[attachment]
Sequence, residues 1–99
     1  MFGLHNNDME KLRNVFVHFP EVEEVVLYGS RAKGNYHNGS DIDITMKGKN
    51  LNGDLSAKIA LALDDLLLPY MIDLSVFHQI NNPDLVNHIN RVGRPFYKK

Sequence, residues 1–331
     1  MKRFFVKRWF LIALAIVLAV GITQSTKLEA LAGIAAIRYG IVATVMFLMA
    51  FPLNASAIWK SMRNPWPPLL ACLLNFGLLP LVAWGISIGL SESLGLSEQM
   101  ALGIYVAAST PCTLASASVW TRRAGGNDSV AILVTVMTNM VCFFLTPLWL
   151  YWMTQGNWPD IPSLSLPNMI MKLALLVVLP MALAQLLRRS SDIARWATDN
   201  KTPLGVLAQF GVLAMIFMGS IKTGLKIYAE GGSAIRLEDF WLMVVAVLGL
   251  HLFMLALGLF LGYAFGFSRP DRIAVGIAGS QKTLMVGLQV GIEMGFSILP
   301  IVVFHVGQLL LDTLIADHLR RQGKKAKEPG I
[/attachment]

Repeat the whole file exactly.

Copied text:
Sequence, residues 1–99
     1  MFGLHNNDME KLRNVFVHFP EVEEVVLYGS RAKGNYHNGS DIDITMKGKN
    51  LNGDLSAKIA LALDDLLLPY MIDLSVFHQI NNPDLVNHIN RVGRPFYKK

Sequence, residues 1–331
     1  MKRFFVKRWF LIALAIVLAV GITQSTKLEA LAGIAAIRYG IVATVMFLMA
    51  FPLNASAIWK SMRNPWPPLL ACLLNFGLLP LVAWGISIGL SESLGLSEQM
   101  ALGIYVAAST PCTLASASVW TRRAGGNDSV AILVTVMTNM VCFFLTPLWL
   151  YWMTQGNWPD IPSLSLPNMI MKLALLVVLP MALAQLLRRS SDIARWATDN
   201  KTPLGVLAQF GVLAMIFMGS IKTGLKIYAE GGSAIRLEDF WLMVVAVLGL
   251  HLFMLALGLF LGYAFGFSRP DRIAVGIAGS QKTLMVGLQV GIEMGFSILP
   301  IVVFHVGQLL LDTLIADHLR RQGKKAKEPG I